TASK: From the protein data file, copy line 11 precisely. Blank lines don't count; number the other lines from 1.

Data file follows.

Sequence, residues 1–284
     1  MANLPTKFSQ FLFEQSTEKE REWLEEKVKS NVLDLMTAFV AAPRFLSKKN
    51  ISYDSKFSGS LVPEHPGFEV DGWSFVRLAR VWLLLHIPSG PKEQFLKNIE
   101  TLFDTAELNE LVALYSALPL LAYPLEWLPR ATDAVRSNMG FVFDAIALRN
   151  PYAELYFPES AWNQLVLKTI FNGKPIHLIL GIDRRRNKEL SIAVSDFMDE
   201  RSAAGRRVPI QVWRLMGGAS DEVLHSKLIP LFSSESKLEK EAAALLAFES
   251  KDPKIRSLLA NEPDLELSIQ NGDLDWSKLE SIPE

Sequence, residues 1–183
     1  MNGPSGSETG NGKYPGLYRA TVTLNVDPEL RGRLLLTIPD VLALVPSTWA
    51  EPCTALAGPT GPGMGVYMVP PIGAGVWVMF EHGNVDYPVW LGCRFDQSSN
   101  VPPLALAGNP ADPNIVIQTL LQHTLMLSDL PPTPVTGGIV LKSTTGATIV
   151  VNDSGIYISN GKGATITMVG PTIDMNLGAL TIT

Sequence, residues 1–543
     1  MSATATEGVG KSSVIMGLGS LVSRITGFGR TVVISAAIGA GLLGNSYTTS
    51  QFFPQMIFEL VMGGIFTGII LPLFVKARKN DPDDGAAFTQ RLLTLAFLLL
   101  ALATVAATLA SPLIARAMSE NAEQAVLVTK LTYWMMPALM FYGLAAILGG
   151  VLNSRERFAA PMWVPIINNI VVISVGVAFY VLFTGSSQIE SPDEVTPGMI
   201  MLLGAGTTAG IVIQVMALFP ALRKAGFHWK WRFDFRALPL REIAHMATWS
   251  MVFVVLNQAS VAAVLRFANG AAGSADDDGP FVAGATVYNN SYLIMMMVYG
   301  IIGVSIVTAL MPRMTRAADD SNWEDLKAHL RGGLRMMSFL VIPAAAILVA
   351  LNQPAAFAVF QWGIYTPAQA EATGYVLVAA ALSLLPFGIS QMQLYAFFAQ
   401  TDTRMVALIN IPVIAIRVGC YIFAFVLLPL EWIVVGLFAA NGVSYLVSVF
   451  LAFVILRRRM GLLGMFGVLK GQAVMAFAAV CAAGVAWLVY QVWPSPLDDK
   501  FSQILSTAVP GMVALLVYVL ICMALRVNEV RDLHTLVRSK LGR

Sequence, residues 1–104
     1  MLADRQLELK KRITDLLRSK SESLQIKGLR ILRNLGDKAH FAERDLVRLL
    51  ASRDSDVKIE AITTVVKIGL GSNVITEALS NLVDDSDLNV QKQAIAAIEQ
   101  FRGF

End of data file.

   101  VPPLALAGNP ADPNIVIQTL LQHTLMLSDL PPTPVTGGIV LKSTTGATIV